First Tow Passes through Renovated Starved Rock Lock Signaling Official Reopening of the Illinois Waterway

The Illinois Waterway is a major shipping artery that provides a connection between Lake Michigan and the Mississippi River. Each year, barges carrying more than 29 million tons of commodities traverse the 336-mile-long waterway with the aid of eight lock and dam structures that help control navigable water levels. Most of these locks were originally constructed between 1910 and 1940. To facilitate planned maintenance and improvements to this critical infrastructure, the U.S. Army Corps of Engineers (USACE) developed a consolidated closure schedule designed to lessen impacts to commercial navigation and the industries they serve.

Alberici played a key role during the recent 2020 closure, simultaneously refurbishing lock chambers at the Marseilles and Starved Rock locks. Both locks were originally constructed in 1933 and share similarly sized lock chambers measuring 600 feet long by 110 feet wide with upstream and downstream miter gates that that weigh between 140 and 240 tons each.

Alberici’s scope of work included removal and replacement of embedded quoin; replacement of miter gate anchorages, pintles and embedded frames; demolition and reconstruction of the gate control buildings and access staircases; modification of existing sills; and relocation of miter gate controls and electrical components to protect against 100-year flood events. Most of the work was performed from elevated lifts with limited workspace, requiring careful coordination between multiple trades to alleviate site congestion. Working in isolated areas, Alberici crews also installed embedded equipment within extremely tight tolerances of less than 1/16 of an inch.

All work was performed under an accelerated four-month schedule to achieve beneficial occupancy in advance of USACE’s scheduled reopening date. Failure to meet this date would have resulted in significant financial losses for commercial users of the inland waterway system. The scope and scale of the project in the compressed time frame presented significant challenges that were only increased with the COVID-19 pandemic and a high-water event that made the site inaccessible for two weeks. In response, Alberici crews worked around the clock, seven days a week to successfully meet USACE’s critical completion milestone.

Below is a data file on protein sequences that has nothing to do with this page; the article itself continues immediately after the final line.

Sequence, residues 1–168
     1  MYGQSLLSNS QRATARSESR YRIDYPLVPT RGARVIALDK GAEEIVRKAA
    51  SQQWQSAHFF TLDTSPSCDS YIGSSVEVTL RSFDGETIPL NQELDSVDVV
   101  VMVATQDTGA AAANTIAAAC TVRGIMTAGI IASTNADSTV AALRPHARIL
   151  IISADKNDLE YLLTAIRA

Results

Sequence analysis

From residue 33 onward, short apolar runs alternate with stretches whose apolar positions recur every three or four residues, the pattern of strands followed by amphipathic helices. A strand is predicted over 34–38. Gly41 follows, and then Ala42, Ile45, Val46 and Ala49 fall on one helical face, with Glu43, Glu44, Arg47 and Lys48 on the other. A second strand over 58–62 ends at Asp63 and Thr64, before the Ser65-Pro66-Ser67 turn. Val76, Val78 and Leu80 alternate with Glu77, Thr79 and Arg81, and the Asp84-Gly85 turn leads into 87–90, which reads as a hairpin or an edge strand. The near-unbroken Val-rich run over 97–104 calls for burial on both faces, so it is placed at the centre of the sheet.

On Oct. 29, USACE removed the bulkhead from the Starved Rock lock chamber, allowing water to flow back into the lock and resume commercial navigation.

“Alberici is proud to have had the opportunity to support of the Corps’ mission during the 2020 Illinois Waterway closure,” said Alberici Civil Market Leader, Fred Biermann. “The team’s ability to overcome several challenges and execute such a complex project in a small window of time speaks volumes of their skill and commitment.”

Project team members from both Alberici and USACE attribute their success to a shared commitment to collaboration. Designed to help align priorities and minimize conflict, the team participated in a series of formal partnering sessions that spanned the full duration of the project and included senior leadership from both Alberici and USACE. This commitment to working together toward a common set of goals significantly improved the project’s quality, safety, timeliness, and cost-effectiveness.

The Marseilles and Starved Rock Locks are the latest in a long line of successful marine construction projects that Alberici has completed on U.S. inland waterways. An Alberici joint venture recently completed construction of the new Olmsted Dam on the Ohio River. At $1.9 billion, Olmsted Dam is one of the largest civil works projects in USACE history. An Alberici joint venture is also preparing to mobilize for phase 2 of the new Soo Lock project in Sault Ste. Marie, Mi. and Alberici is currently performing a wide range of projects for public and private sector clients on the Mississippi, Missouri, and Illinois Rivers.

“The depth of Alberici’s experience working on, above, and below water allows us provide our clients with innovative solutions to some of their toughest challenges,” said Biermann. “Our ability to marshal resources and work collaboratively toward a common goal was on full display during the recent closures at Marseilles and Starved Rock and we’re looking forward to working on the next one to make sure it’s just as seamless.”